I don't know about you, but I definitely give consideration to what color toy, harness, and bed I choose for my pet. Now, it's not because I truly believe he prefers a turquoise harness, indigo ball, or lime-green pinstripes on his chocolate-brown bed, I would just rather the stuff match my apartment (neurotic, I know). I can't tell what colors North's eyes see, but there's much research (and many misconceptions) about which colors, if any, are visible to doggies. Veterinary ophthalmologists have determined that dogs are similar to people with red/green color blindness — pups can see bluish and greenish shades but not many ones closer to red.
To learn about conclusions from experiments performed by University of Wisconsin researchers, read more.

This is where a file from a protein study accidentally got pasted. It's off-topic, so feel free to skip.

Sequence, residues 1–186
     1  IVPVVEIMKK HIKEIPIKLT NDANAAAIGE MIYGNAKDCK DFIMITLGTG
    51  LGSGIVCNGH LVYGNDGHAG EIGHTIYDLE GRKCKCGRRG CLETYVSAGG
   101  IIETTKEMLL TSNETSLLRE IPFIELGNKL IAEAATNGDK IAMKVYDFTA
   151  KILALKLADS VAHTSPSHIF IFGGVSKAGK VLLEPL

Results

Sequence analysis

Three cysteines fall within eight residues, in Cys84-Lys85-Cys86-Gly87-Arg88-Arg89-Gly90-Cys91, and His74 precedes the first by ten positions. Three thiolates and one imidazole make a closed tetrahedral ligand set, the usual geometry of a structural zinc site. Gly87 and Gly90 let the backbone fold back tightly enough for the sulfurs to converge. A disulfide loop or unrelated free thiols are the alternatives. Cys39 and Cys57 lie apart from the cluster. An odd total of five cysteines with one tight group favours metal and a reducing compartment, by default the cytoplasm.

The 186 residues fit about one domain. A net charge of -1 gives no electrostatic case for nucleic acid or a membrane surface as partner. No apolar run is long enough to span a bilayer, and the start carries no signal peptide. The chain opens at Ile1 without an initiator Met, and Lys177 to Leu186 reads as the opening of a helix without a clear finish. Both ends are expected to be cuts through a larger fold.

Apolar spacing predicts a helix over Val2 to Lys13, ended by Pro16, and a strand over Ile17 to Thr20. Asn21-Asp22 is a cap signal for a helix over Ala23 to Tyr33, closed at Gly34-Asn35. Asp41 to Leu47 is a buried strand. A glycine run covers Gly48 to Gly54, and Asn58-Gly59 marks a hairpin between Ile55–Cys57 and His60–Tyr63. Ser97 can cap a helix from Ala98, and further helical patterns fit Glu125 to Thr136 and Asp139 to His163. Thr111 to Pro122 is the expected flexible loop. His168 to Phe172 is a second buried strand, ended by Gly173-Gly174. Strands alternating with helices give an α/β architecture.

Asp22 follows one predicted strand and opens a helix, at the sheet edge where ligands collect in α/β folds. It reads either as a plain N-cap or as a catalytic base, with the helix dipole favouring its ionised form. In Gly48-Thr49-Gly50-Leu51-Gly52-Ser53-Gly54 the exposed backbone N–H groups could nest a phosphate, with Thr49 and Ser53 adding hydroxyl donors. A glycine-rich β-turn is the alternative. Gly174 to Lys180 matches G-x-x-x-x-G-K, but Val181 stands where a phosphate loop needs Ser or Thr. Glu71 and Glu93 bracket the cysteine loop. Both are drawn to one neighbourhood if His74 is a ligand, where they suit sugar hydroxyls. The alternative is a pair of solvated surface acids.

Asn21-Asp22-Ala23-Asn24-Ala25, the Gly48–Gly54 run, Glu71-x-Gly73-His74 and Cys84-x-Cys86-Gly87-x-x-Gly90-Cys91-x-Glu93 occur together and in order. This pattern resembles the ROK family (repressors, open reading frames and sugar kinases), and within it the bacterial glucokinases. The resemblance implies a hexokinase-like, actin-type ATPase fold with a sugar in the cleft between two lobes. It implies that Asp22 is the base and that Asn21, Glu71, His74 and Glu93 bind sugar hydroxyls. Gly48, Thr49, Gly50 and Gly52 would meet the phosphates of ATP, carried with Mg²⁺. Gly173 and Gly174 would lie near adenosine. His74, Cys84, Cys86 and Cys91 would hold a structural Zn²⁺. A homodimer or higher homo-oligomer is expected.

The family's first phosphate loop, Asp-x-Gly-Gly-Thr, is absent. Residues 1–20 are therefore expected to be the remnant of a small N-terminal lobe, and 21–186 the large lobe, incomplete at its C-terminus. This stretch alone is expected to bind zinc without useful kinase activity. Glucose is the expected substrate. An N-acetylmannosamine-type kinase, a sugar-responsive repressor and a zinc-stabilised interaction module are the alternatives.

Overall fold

The retinas of people who see colors normally have three types of color receptors, or cones, and each are particularly sensitive to a narrow part of the spectrum. However, doggies (and red/green colorblind humans) have only two types of cones, giving less basis for comparison and a more-limited perceived color range. People who see colors normally see the traditional VIBGYOR (violet, indigo, blue, green, yellow, orange, and red) spectrum like on the above kite. Dogs, however, see VIBYYYR (violet, indigo, blue, yellow, yellow, yellow, and red). This means that the colors of green, yellow, and orange look alike to dogs but different from red (which they can distinguish) and variations of blues and purples. Pups are actually best at telling shades of violet, indigo (he loves that ball!), and blue apart. However, the results also say that blue-green looks like white to dogs. Oops, guess he doesn't find his harness half as fashionable as I do!